The Walking Dead: Morgan metaphorically kills himself and is ready to clear

Richard (Karl Makinen) and Morgan Jones (Lennie James) in Episode 13Photo by Gene Page/AMC
Richard (Karl Makinen) and Morgan Jones (Lennie James) in Episode 13Photo by Gene Page/AMC /

Morgan tried to hold onto Eastman’s philosophy in order to maintain his sanity in this new world, but The Walking Dead world needed a new Morgan.

When we first met Morgan he introduced us to this new and wonderful world of The Walking Dead. His inability to shoot his walker wife, Jenny, was heartbreaking. As we became accustomed to the new world, our hearts broke more often and also became a little hardened.

The next time we saw Morgan, we saw the effect of his solitude and the even more devastating consequences of his inability to kill his walker wife.

Although he recovered from this homicidal and suicidal spiral through a beautiful friendship with another man who found peach in his solitude, our hearts were not open enough to accept him back into our harsh world.

We knew that Morgan needed to find a balance to be able to live in this new world. He wasn’t living in solitude anymore, but Morgan didn’t know if that was possible. Then he found the Kingdom-a fantasy world within this crazy world. But even that wasn’t to be.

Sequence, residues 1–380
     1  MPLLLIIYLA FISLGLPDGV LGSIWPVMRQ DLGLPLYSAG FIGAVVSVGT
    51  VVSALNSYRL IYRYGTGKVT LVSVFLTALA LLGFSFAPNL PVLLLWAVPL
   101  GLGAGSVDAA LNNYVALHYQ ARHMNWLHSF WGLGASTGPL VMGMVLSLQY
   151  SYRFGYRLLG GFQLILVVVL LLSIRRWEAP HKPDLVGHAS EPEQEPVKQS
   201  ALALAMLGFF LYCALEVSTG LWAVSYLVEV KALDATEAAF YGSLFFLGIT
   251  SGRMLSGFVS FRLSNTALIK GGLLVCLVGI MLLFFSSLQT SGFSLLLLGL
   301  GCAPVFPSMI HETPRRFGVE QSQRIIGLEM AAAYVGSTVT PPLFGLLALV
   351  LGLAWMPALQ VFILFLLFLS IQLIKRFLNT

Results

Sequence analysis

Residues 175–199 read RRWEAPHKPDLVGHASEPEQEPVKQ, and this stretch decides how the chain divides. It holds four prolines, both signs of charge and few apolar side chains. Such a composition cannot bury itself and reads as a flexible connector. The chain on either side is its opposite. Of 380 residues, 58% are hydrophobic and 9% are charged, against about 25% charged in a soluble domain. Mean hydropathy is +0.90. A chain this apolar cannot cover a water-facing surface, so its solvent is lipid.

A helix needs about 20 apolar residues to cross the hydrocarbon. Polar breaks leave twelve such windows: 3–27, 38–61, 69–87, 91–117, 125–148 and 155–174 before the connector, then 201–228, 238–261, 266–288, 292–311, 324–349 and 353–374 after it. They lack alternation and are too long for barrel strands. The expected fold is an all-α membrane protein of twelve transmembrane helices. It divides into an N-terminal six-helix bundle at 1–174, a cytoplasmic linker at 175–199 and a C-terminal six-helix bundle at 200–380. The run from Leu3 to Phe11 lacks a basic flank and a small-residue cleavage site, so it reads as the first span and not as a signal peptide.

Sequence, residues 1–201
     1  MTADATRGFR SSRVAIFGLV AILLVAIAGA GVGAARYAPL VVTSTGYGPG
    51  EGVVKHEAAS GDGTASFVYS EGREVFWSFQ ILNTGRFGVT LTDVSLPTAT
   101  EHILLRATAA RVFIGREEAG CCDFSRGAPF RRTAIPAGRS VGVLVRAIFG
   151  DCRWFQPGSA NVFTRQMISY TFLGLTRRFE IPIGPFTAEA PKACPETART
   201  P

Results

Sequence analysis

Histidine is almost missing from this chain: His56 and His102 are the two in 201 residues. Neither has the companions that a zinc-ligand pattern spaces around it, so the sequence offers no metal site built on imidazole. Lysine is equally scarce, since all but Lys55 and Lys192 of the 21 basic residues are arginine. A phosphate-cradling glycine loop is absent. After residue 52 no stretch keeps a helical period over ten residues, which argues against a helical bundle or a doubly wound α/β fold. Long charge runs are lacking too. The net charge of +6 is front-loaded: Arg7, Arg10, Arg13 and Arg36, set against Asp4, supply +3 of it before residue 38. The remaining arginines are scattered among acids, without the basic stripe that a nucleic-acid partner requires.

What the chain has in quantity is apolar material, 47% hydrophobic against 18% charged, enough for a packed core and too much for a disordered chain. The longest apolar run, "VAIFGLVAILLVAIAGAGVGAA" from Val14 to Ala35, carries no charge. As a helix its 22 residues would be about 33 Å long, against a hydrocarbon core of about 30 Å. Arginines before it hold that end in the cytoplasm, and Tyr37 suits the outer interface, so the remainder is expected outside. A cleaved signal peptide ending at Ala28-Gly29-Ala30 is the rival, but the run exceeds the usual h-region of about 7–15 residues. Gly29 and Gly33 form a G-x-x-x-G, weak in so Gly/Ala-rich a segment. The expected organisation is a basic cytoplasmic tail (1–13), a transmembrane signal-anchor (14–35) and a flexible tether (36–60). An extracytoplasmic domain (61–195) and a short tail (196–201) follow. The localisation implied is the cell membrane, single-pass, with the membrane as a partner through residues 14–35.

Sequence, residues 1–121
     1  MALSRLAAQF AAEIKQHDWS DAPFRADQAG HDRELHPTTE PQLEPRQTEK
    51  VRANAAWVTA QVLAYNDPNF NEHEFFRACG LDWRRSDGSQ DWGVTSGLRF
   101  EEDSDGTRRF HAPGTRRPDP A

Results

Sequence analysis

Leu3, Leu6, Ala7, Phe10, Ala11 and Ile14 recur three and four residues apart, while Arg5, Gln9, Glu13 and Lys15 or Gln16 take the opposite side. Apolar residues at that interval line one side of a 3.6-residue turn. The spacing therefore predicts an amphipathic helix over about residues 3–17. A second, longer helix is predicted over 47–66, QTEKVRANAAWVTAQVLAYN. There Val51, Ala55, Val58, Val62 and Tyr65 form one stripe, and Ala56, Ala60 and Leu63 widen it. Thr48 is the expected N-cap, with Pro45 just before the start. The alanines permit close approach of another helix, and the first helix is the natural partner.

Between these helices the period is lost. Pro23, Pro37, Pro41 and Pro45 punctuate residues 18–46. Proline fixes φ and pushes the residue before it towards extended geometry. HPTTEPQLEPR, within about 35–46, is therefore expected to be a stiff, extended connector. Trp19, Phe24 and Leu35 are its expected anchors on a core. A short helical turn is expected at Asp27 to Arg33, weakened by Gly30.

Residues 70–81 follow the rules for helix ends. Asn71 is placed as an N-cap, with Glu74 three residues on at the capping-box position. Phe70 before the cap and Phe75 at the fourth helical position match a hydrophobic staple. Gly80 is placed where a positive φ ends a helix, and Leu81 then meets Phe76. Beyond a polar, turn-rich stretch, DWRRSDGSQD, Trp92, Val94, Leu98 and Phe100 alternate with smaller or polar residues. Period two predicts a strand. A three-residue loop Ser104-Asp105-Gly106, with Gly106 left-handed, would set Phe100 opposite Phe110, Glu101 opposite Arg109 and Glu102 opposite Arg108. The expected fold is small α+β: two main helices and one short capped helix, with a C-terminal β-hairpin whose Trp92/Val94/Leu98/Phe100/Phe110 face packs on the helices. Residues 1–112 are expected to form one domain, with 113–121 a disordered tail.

Enter Richard. Richard wanted Ezekiel to see that the Kingdom needed to fight. He wanted them to do something. But Morgan and Ezekiel wanted to keep the peace and maintain the illusion of a normal life in the middle of this crazy world the breakdown had created.

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When Richard told Morgan his story, Morgan was looking in the mirror. I’ve always looked at the Kingdom as a version of Don Quijote with their padded knights and their way of seeing things in a magical way.

I wondered who would be the Sancho Panza of the Kingdom. Who would break the illusion of the giants and point out to Don Quijote that they were not giants, but windmills. Sancho Panza turned out to be Richard.

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Richard’s story was exactly like Morgan’s. He lost his wife. He lost his child because he did nothing. He waited. Morgan lost his wife. He lost his child because he did nothing. He waited.

Richard told Morgan he would have to kill or he might as well just kill himself. Morgan did both. He killed Richard, which essentially killed the old Morgan. The Morgan that waited. The Morgan that did nothing.

Morgan also helped Richard do something. Richard wouldn’t have to wait anymore. His plan was a success now. Morgan carried out his plan. And Morgan buried him where he wanted to be buried.

Even though Benjamin was lost, Benjamin got to live a good life with Ezekiel in the Kingdom before he died. He got to know Morgan. Doing something doesn’t guarantee good results. Benjamin wanted to fight. Now they will fight, but Benjamin won’t have to see it.

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The stick that Eastman gave Morgan is still part of the new spear that he will use now. The Morgan that Eastman created is still part of the Morgan that Richard unleashed. We are all part Don Quijote and part Sancho Panza.